Rooker-Feldman applies broadly to any suit that, in effect, seeks review of or damages based on a state court judgment. It precludes, for example, any claim “seek[ing] vacatur or rejection of [an] order terminating [plaintiffs'] parental rights.” Voltaire v. Westchester Cty. Dep't of Soc. Servs., No. 11-cv-8876 (CS), 2016 WL 4540837, at *9 (S.D.N.Y. Aug. 29, 2016). But it also precludes an award of damages stemming from an injury sustained as a result of a state court determination. See id. at *11 (citing Lomnicki v. Cardinal McCloskey Servs., No. 04-cv-4548, 2007 WL 2176059, at *5 (S.D.N.Y. July 26, 2007) and McClean v. City of N.Y., No. 04-cv-8353, 2007 WL 415138, at *4 (S.D.N.Y. Feb. 6, 2007)); Sample v. Monterey Cty. Family & Children Servs., No. C09-01005 HRL, 2009 WL 2485748, at *3 (N.D. Cal. Aug. 7, 2009) (“Although [plaintiff] asks for monetary damages, she would only receive a damage award if this court determined that the Dependency Court's decisions pertaining to the custody of her children - including any review or authorization of defendants' actions - were in error.”); Lomnicki v. Cardinal McCloskey Servs., No. 04-CV-4548 (KMK), 2007 WL 2176059, at *5 (S.D.N.Y. July 26, 2007) (“Plaintiff does not avoid Rooker-Feldman by seeking damages instead of injunctive relief. In order to award damages to Plaintiff, the Court would have to review the decision of the Family Court.”).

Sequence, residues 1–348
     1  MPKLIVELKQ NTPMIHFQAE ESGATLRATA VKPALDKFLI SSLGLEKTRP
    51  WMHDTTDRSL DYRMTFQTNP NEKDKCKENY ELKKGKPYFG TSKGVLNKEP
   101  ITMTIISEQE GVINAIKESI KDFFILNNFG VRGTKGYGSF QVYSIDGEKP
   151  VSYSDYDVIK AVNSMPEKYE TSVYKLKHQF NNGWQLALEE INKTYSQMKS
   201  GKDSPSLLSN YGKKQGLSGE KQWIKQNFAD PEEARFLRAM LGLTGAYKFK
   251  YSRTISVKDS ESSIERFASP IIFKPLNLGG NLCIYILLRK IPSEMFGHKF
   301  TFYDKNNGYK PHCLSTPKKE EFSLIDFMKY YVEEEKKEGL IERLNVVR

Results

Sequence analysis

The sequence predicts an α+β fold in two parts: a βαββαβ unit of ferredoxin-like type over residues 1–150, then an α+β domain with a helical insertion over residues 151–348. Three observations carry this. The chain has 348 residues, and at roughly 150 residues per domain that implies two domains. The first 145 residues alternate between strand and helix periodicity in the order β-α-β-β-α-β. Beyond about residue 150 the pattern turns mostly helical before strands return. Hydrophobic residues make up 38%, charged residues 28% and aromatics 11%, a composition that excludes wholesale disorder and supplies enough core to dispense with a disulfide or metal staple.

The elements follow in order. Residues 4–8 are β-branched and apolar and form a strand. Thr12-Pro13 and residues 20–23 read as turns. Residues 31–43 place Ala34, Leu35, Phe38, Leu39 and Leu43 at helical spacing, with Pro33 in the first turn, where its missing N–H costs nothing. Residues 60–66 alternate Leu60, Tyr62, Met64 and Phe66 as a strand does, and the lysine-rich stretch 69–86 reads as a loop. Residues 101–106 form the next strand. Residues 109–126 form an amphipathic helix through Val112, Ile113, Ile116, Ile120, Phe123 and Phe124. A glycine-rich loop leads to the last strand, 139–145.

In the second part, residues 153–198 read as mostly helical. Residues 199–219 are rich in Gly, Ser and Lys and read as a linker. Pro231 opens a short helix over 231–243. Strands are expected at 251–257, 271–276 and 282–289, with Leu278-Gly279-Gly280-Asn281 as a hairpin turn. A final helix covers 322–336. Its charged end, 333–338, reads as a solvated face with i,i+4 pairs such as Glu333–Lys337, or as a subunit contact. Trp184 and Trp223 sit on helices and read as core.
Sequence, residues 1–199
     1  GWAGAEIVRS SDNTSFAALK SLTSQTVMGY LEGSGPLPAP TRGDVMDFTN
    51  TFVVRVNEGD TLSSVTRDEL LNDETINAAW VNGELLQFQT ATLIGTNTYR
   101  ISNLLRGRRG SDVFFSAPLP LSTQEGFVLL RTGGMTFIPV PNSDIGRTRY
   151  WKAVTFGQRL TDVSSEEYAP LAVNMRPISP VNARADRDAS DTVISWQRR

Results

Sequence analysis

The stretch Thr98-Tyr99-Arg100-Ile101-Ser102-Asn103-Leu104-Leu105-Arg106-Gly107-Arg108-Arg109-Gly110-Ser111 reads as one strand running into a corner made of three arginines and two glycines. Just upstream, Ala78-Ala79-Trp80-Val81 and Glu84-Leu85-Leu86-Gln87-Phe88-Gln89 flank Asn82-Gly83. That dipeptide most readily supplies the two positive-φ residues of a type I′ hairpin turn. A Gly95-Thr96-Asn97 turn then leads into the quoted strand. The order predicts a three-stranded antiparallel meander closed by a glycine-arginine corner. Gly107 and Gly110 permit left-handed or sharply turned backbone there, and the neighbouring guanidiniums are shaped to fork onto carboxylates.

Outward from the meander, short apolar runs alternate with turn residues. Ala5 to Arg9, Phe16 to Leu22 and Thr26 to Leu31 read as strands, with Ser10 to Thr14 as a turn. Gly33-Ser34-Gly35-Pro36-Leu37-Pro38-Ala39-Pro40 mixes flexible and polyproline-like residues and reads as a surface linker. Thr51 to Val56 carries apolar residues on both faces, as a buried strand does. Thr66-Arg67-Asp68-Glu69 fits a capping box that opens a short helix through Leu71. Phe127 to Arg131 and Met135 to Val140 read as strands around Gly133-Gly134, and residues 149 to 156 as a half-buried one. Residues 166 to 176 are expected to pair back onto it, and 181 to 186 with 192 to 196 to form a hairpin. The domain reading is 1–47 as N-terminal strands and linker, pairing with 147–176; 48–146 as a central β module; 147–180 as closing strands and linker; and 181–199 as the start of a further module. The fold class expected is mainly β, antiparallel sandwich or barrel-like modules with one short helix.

Rooker-Feldman can apply even if the claim presented in federal court was not presented in state court. The doctrine bars “not only claims that involve direct review of a state court decision, but also claims that are ‘inextricably intertwined' with a state court decision.” See Swiatkowski v. Bank of Am., NT & SA, 103 Fed.Appx. 431, 432 (2d Cir. 2004). When a federal plaintiff relies on a legal theory not raised in state court, Rooker-Feldman will apply if the federal suit “complains of injury from a state-court judgment and seeks to have that state-court judgment reversed.” Hoblock, 422 F.3d at 86.

         In Hoblock, the Court of Appeals stated that a father whose parental rights have been terminated in state court “may not” sue in federal court on the theory that the judgment violates his substantive due process rights “regardless of whether he raised any constitutional claims in state court.” Id. at 87. That observation is consistent with decisions of the Second Circuit concerning the impact of Rooker-Feldman in cases brought to federal court following child custody proceedings in state court.[14] District courts in this Circuit have likewise applied Rooker-Feldman to ADA claims that required review of state court decisions concerning child custody.[15]

         The issue, then, is whether plaintiffs complain of injuries sustained as a result of decisions of state courts. Plaintiffs contend their injuries were caused by DCF rather than any judicial decision.[16] Defendants disagree. They ...